A sharp rise in the price of package holidays and computer games helped drive up the cost of living as inflation hit a near-four-year high.Read the full story ›
A further nine rural bank branches will close in the south of Scotland this summer, Lloyds Banking Group has announced.Read the full story ›
A new collection of coloured coins inspired by Beatrix Potter has been a victim of its own success...Read the full story ›
The campaigner behind a petition against the use of animal fat in plastic bank notes is threatening legal action over the Bank of England's decision to continue printing the notes.
Doug Maw, a vegan from Keswick, started a petition which has now been signed by more than 130,000 people.
He was invited to meet the Bank of England and discuss his concerns last month, however, the central bank has now said it will continue using the notes, as it would be too costly to replace them.
Mr Maw has said he is "angry" with the decision.
The fact that they've decided to go ahead and not withdraw and continue (circulating the notes), means they are forcing people who have religious and ethical objections to use something that's against their religious beliefs and their ethical beliefs.
I'm most definitely as of now looking at legal advice and we will definitely be bringing a test case against them because I'm pretty sure we will win it.
A petition against the use of animal fat in the controversial plastic bank notes was set up by a man from Keswick.Read the full story ›
A man from Keswick who set up a petition against the use of animal fat in new plastic bank notes, has been invited to a meeting in Parliament.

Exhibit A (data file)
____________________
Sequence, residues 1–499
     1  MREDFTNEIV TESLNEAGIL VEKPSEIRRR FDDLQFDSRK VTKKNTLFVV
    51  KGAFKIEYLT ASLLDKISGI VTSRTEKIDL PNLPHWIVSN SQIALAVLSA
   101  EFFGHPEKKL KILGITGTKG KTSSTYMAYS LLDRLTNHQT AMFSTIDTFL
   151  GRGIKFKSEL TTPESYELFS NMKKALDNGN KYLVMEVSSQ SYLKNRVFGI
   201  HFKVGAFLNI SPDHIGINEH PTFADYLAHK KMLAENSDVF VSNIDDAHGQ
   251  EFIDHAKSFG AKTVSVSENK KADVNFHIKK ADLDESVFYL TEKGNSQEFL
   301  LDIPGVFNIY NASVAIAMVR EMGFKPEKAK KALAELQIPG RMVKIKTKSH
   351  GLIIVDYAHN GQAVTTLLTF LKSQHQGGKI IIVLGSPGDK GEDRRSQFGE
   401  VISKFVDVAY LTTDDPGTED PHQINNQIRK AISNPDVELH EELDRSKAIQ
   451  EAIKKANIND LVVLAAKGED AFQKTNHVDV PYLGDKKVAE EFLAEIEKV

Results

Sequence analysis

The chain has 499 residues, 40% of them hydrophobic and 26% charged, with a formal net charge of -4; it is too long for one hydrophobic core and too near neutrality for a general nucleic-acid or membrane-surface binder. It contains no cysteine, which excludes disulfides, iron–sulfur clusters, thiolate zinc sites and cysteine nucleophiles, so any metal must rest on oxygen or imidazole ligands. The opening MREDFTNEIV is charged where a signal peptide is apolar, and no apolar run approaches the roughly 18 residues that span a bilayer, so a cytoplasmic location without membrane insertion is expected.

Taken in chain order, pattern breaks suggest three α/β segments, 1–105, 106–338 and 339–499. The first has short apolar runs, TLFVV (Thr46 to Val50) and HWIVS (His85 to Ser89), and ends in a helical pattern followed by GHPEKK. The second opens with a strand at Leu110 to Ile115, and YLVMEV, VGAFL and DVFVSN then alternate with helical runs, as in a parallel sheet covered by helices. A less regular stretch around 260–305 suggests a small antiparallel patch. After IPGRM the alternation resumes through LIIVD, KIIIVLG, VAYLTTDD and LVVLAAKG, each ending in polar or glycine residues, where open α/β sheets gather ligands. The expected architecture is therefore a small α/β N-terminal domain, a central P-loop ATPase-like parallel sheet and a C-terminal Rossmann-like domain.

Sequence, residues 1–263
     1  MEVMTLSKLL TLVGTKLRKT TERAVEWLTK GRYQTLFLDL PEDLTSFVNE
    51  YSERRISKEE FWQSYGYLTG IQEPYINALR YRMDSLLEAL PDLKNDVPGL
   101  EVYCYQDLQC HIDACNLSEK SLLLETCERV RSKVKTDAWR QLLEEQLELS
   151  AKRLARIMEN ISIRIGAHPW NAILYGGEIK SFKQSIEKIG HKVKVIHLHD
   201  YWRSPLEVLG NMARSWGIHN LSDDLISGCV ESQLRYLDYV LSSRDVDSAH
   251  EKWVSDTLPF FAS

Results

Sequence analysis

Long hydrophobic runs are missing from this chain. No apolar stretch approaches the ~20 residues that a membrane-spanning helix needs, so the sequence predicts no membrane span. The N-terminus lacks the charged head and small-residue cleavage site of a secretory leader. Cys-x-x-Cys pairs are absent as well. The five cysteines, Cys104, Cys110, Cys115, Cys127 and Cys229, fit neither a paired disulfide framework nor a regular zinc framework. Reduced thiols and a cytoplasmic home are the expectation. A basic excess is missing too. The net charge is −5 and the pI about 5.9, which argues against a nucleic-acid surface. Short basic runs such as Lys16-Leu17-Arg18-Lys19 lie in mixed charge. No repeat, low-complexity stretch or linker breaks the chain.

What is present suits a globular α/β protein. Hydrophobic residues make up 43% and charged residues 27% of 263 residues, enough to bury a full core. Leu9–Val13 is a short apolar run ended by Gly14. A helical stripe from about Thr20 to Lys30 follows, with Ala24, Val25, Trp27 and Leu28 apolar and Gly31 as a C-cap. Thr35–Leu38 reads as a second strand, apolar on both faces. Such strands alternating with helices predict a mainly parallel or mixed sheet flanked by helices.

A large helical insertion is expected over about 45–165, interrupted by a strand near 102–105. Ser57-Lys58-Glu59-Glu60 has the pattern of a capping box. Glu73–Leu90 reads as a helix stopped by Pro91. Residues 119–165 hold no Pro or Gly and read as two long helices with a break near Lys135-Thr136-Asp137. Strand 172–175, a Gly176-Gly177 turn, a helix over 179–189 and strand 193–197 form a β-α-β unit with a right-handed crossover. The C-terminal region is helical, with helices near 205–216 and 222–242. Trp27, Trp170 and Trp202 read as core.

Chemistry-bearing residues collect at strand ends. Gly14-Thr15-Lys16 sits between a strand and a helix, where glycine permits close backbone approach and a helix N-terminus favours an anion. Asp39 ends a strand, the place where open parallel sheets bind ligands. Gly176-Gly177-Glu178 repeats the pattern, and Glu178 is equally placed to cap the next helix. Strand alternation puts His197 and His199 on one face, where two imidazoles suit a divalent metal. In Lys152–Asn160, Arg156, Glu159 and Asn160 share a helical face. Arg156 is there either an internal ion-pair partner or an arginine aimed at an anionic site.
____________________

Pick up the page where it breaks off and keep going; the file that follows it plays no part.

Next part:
Doug Maw, who is a vegan, will speak to the All-Party Parliamentary Group on Vegetarianism and Veganism.
His petition - against the use of tallow in the notes - has been signed by more than 130,000 people.
Recently he met representatives of the Bank of England, and after the meeting he spoke to ITV Border:
Find out about the changes to income tax and council tax, as well as the Scottish Greens controversial deal with the SNP government.Read the full story ›
Scottish Borders Council has confirmed a three percent council tax increase will come into force in April.
The increase sees an end to to a nine-year freeze of Council Tax under the SNP Government, and will bring the local authority a raised income of £3.7m.
The announcement was made as the council revealed its proposed budget for the next 12 months.
It's receiving £8.362m less in funding from the Scottish Government, and will use the council tax hike to make up for this.
The council is also planning to cut an estimated 123 posts - this could mean job losses, however there are currently 150 vacancies therefore some of these could simple be retired.
Cumbria County Council's cabinet has agreed a 3.99 percent council tax hike.
Two percent of the increase will be spent on Adult Social Care.
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Cumbria County Council's cabinet has agreed to increase council tax by 3.99% for 2017 to 2018. A final decision will be made on 16 February.Read the full story ›